Dr. Henry F. Schaefer III, Grahan Perdue Professor of Chemistry and director of the Center for Computational Quantum Chemistry at the University of Georgia has been nominated for the Nobel prize and was recently cited as the third most quoted chemist in the world. Dr. Schaefer states in regard to the resistance to the idea of a beginning of the universe and subsequently a belief that God is the author and origin of that beginning, “Why such resistance to the idea of a definite beginning of the universe? It goes right back to that first argument, the cosmological argument: (a) Everything that begins to exist must have a cause; (b) If the universe began to exist, then (c) the universe must have a cause. You can see the direction in which this argument is flowing–a direction of discomfort to some physicists.”
The direction Dr. Shaeffer refers to is the fact that if the universe has a cause, it must have a creator, and if it has a creator and a cause, people ought to be compelled to line up with that cause. For many, the idea of lining up with anything greater than themselves or their ideas is frightening at best.
This is supported by the Apostle Paul’s words in I Corinthians 1:18 thru 31. In this passage of scripture Paul states, “For the message of the cross is foolishness to those who are perishing, but to us who are being saved it is the power of God. For it is written: ‘I will destroy the wisdom of the wise; the intelligence of the intelligent I will frustrate.’ ” Paul has quoted Isaiah 29:14 in the last half of those verses above. God predicted that those who are considered to be and who consider themselves to be wise would doubt His primary message, the gospel.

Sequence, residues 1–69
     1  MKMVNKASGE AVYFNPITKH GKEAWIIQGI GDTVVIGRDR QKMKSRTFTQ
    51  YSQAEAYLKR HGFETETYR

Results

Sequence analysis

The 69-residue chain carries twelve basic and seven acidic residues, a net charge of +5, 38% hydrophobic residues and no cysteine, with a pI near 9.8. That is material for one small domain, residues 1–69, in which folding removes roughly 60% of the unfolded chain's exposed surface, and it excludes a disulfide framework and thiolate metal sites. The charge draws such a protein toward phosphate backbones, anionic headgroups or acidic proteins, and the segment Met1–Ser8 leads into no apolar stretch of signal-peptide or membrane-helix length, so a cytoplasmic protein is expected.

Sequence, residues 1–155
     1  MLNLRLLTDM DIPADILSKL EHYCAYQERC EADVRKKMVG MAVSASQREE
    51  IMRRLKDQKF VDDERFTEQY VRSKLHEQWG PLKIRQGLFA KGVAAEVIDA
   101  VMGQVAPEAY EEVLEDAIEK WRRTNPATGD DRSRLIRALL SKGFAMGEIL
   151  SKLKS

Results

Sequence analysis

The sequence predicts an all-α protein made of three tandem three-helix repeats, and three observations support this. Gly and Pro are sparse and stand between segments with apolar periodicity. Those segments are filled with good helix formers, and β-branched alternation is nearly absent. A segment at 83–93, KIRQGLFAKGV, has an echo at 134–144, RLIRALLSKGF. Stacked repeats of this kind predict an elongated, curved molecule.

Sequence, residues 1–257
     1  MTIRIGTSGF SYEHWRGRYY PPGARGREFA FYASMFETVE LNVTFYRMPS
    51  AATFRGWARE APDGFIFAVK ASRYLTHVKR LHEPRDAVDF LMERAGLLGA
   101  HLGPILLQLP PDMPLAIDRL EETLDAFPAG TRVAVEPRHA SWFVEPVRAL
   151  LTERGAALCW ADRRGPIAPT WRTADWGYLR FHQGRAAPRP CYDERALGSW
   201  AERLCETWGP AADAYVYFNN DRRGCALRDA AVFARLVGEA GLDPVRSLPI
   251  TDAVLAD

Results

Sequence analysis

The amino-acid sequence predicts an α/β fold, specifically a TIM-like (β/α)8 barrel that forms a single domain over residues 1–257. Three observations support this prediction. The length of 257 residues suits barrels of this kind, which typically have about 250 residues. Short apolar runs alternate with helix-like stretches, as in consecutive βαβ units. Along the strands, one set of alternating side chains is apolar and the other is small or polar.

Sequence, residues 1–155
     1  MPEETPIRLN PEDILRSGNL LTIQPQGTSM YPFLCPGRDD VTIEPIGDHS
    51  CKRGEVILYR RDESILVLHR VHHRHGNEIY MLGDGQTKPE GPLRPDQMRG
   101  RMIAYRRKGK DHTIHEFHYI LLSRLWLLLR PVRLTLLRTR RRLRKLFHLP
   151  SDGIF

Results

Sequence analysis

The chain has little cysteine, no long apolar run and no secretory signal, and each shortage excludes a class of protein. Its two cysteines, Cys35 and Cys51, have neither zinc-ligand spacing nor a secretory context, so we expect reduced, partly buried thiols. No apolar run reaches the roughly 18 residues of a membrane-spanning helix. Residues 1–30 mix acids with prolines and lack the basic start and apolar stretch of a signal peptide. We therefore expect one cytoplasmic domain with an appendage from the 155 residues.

In verse 23 of the passage Paul writes, “but we preach Christ crucified: a stumbling block to Jews and foolishness to Gentiles. Why would it be “foolishness to the Gentiles?” Man, by nature is an arrogant creature. At the risk of painting with too broad of a brush, those who consider themselves wise are often the most arrogant. It is utter foolishness to those who like to sit around and debate wisdom to consider that the answer to man’s problems is actually the act of self-humiliation by the creator, the very one who should embody wisdom. The arrogance of man often gets in the way of him finding the real answers. Paul, recognized this trait. Solomon also recognized it as he wrote in Proverbs and Ecclesiastes.
Thirdly, would man really want a God who is no smarter than he is? While we struggle in our arrogance to believe in Him, logic tells us that one who could and is charged with the creation and maintenance of the universe would need to be significantly wiser and smarter than any man. This is part of what Paul means when he states in verse 25, “For the foolishness of God is wiser than man’s wisdom, and the weakness of God is stronger than man’s strength”
One cannot prove the existence of God, but logic leads one in that direction much more readily than it leads one to a void – which is what would be if God did not exist.
In my next post I will address the second part of Brian’s questions relating to people believing in other gods, especially other cultures.